Now, something interesting about the Local Bubble is that it is thought to be narrower along the galactic plane. The reason this is interesting is because we are so far from the center of the galaxy that effect of the supermassive black hole at it's center is regarded as nearly negligible. Yet, it seems to mold the shape of the vast superbubble that surrounds the solar system.

So, as we approach the galactic plane, our surrounding celestial neighborhood will be subjected to different forces than elsewhere above or below that plane.

Something I am curious about in this context is the thing that hit Jupiter a little while back. Now, to be sure, scientists know there is a Kuiper Belt, full of Kuiper Belt Objects, and the Kuiper Belt is a 'stablized' collection of the kind of objects that are found in the Scattered Disc where most periodic comets are thought to come from at this point. Whereas scientists theorize that there is an Oort Cloud that other comets might come from, or not, and there is an "inner Oort Cloud" or Hills Cloud.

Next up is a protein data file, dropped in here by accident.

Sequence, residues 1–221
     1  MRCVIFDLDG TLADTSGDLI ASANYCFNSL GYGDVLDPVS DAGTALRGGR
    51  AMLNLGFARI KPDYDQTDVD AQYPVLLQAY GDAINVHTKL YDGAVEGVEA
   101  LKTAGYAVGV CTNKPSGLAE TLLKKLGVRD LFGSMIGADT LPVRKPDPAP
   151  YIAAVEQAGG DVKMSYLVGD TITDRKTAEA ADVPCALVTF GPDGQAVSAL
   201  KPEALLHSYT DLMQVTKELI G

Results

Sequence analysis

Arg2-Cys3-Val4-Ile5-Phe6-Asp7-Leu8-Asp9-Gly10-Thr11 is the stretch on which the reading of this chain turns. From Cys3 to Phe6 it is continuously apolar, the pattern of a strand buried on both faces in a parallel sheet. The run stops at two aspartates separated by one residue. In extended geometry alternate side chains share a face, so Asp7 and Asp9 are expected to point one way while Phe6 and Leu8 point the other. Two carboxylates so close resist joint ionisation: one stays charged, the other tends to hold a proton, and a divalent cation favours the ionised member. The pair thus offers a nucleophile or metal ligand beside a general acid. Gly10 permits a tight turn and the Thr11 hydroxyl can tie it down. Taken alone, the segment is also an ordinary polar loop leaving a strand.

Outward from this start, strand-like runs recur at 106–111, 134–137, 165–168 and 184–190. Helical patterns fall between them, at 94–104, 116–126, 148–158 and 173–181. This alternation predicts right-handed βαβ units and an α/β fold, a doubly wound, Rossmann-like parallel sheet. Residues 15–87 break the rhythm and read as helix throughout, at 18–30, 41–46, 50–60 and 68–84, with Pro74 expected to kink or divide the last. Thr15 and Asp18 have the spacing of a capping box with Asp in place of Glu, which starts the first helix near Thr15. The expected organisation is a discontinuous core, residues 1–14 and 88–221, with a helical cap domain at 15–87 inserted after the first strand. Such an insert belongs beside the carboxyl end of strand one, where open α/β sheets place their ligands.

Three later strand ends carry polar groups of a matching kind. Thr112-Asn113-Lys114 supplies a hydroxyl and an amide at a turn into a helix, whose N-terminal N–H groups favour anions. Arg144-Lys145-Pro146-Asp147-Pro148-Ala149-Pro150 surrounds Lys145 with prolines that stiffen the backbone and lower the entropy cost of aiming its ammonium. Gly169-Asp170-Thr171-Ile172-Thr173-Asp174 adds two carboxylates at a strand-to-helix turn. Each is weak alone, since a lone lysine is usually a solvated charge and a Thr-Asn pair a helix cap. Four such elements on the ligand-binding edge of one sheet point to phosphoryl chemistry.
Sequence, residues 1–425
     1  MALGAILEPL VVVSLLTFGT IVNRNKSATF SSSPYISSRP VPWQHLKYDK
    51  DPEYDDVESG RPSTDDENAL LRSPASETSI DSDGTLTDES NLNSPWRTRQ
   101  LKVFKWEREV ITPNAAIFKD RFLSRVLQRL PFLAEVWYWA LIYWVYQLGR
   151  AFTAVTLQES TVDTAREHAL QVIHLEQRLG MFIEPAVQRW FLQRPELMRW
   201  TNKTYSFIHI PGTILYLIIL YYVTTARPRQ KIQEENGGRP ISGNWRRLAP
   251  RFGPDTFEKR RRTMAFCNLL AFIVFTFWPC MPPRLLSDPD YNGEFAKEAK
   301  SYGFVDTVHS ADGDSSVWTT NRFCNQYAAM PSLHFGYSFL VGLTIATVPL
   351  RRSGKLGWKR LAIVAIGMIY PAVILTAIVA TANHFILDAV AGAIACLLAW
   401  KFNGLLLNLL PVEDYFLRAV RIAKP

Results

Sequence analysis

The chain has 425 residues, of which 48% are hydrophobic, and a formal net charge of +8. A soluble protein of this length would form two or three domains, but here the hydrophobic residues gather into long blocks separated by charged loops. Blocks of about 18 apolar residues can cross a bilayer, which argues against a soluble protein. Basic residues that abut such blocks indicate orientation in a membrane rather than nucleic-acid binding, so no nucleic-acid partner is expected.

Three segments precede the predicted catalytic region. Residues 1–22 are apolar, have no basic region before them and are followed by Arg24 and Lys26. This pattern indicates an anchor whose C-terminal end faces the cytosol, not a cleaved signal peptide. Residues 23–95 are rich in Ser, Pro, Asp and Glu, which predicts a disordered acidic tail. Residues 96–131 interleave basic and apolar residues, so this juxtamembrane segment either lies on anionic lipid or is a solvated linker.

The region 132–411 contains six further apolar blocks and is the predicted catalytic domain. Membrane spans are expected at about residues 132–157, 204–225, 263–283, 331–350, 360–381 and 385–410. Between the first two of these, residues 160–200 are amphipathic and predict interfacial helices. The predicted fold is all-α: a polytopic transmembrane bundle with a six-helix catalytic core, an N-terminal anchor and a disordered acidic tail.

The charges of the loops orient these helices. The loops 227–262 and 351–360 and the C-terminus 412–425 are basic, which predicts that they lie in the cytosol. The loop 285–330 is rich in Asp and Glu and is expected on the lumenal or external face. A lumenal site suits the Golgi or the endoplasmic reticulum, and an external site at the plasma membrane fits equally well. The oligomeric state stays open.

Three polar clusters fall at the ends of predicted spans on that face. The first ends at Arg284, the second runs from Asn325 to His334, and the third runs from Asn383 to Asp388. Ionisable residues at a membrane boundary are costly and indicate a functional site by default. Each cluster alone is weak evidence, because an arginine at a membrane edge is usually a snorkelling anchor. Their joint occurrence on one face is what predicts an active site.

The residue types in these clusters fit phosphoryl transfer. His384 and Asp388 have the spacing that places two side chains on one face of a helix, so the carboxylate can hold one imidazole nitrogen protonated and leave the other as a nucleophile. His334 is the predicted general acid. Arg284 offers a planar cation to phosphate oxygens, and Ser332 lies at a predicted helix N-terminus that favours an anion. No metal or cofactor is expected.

But my point (if I have one, which clearly I may not) is that there is a whole crapload of stuff floating around in the space around our Solar System, some of it definitely real, some of it theoretically real, which will come under the influence of a different kind of force along the galactic plane. The 'crapload' will come under such influence, because of what seems to be generally accepted thought that the Local Bubble is influenced by whatever force along the galactic plane.

The more firmly established celestial bodies will not be as influenced by this force because of all the protective energies surrounding them. But if there is a floating field of less stable trans-Neptunian and further detritus, it seems like it may be more influenced. Now, it doesn't mean that it will be influenced to Hollywood epic proportions, but it seems like it would be influenced to some extent.

Now, the interesting thing, the 'funny' thing, is that if that scattered collection was influenced to Hollywood epic proportions, where little misshapen iceballs started to squeeze into line along the galactic equator in such a way that some significant portion thereof bumped into each other causing their headlong descent into the Sun-- and Earth's orbit around it-- that knowledge along with a little less than $US 2.00 would get you a large boutique-ish coffee of any number of various brands to sip as the resulting cataclysm tore the world as we know it asunder.

What you might have an idea of, then, is when to purchase that coffee.

Could the Maya, knowing that their distant descendants would be in a rich coffee growing region, have established their calendar and impressively aligned architectural legacy which would cast various shadows during this alignment, and have been leaving such a message?

We can only wonder.